3. ^ "Clár Chlainne Mhuiris/Claremorris". Placenames Database of Ireland ( Government of Ireland. Retrieved 30 September 2021.
  4. ^ a b "Claremorris Area Profile" (PDF). Central Statistics Office. Retrieved 25 January 2020.
  5. ^ "Northern Ireland Statistics and Research Agency - Census Home Page". Archived from the original on 17 February 2012. Retrieved 2013-03-24.
  6. ^ Lee, JJ (1981). "On the accuracy of the Pre-famine Irish censuses". In Goldstrom, J. M.; Clarkson, L. A. (eds.). Irish Population, Economy, and Society: Essays in Honour of the Late K. H. Connell. Oxford, England: Clarendon Press.
  7. ^ Mokyr, Joel; O Grada, Cormac (November 1984). "New Developments in Irish Population History, 1700-1850". The Economic History Review. 37 (4): 473–488. doi:10.1111/j.1468-0289.1984.tb00344.x. hdl:10197/1406. Archived from the original on 4 December 2012.
  8. ^ "Claremorris Drama Festival". Retrieved 1 June 2021.
  9. ^ "Land of the Giants". Sport Ireland. Retrieved 29 March 2021.
  10. ^ "Land of the Giants". Mayo Walks. Archived from the original on 5 February 2011. Retrieved 29 March 2021.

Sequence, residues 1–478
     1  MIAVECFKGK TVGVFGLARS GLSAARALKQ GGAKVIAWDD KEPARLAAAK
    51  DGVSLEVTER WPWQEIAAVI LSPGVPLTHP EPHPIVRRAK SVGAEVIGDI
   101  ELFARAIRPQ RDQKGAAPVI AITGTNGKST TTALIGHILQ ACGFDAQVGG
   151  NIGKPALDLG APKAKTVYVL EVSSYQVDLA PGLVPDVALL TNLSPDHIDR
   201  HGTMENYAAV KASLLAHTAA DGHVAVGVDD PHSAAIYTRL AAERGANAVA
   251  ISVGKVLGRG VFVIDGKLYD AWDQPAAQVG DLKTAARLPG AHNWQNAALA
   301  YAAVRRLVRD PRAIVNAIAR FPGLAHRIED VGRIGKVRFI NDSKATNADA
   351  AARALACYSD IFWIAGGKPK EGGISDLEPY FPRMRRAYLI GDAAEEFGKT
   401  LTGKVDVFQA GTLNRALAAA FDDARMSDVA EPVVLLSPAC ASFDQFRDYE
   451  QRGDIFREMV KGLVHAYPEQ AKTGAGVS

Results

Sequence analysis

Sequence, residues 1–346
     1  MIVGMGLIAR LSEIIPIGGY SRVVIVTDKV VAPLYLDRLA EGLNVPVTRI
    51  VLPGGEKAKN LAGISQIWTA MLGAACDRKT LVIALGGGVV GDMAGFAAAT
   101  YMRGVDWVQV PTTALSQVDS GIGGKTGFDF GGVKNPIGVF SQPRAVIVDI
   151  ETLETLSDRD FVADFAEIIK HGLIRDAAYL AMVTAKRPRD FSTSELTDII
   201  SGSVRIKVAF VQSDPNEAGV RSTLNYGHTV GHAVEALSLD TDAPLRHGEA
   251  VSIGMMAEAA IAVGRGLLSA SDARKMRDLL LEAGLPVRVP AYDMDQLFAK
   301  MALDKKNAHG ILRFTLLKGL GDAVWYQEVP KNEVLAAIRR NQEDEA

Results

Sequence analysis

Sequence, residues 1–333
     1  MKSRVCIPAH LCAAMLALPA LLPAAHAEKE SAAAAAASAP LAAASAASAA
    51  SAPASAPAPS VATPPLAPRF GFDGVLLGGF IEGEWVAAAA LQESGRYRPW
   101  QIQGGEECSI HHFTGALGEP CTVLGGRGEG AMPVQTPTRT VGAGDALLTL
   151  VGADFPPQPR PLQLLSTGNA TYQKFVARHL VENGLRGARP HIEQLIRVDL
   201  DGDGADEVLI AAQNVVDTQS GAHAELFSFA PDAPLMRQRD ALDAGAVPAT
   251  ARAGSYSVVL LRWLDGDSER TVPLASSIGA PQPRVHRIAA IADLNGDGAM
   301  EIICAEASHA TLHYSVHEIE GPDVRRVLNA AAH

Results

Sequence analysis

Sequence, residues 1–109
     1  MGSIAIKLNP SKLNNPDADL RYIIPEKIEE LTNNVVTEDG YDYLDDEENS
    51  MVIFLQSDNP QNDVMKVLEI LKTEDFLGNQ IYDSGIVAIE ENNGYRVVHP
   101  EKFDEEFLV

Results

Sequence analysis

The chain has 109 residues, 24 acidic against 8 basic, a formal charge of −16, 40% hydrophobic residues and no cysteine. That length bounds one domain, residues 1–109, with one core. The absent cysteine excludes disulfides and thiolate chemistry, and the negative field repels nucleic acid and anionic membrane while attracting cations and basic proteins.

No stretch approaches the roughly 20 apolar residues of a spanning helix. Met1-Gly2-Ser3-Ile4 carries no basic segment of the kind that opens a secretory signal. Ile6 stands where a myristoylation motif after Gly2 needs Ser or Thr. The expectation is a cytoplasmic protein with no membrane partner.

11. ^ "A walk in McMahon Park, Claremorris". MAYO.ME. 11 August 2017. Retrieved 29 March 2021.
  12. ^ Claremorris Leisure Centre
  13. ^ "Met Éireann". Claremorris History. Archived from the original on 20 October 2006. Retrieved 4 March 2007.
  14. ^ Climate Summary for Claremorris
  15. ^ "Claremorris 1971–2000 averages". Met Éireann. Retrieved 27 May 2015.
  16. ^ "Absolute Maximum Air Temperatures for each Month at Selected Stations" (PDF). Met Éireann. Archived from the original (PDF) on 4 March 2016. Retrieved 27 May 2015.
  17. ^ "Absolute Minimum Air Temperatures for each Month at Selected Stations" (PDF). Met Éireann. Archived from the original (PDF) on 29 January 2017. Retrieved 27 May 2015.
  18. ^ "Patrick Cassidy". Contemporary Music Centre. 20 September 2018. Retrieved 29 March 2021.
  19. ^ D'Alton, John Francis Dictionary of Irish Biography, October 2009.
  20. ^ "Dictionary of Irish Biography - Cambridge University Press". Retrieved 30 March 2021.
  21. ^ The Gray Family of Claremorris, Co. Mayo, Thomas Ormsby Ruttledge, in The Irish Genealogist 7, 1989
  22. ^ "JOHN HEGARTY THE CV". independent. Retrieved 29 March 2021.
  23. ^ Maguire, Conor Alexander Dictionary of Irish Biography, October 2009.
  24. ^ "Murphy, Delia". Dictionary of Irish Biography. Retrieved 29 March 2021.

External links[edit]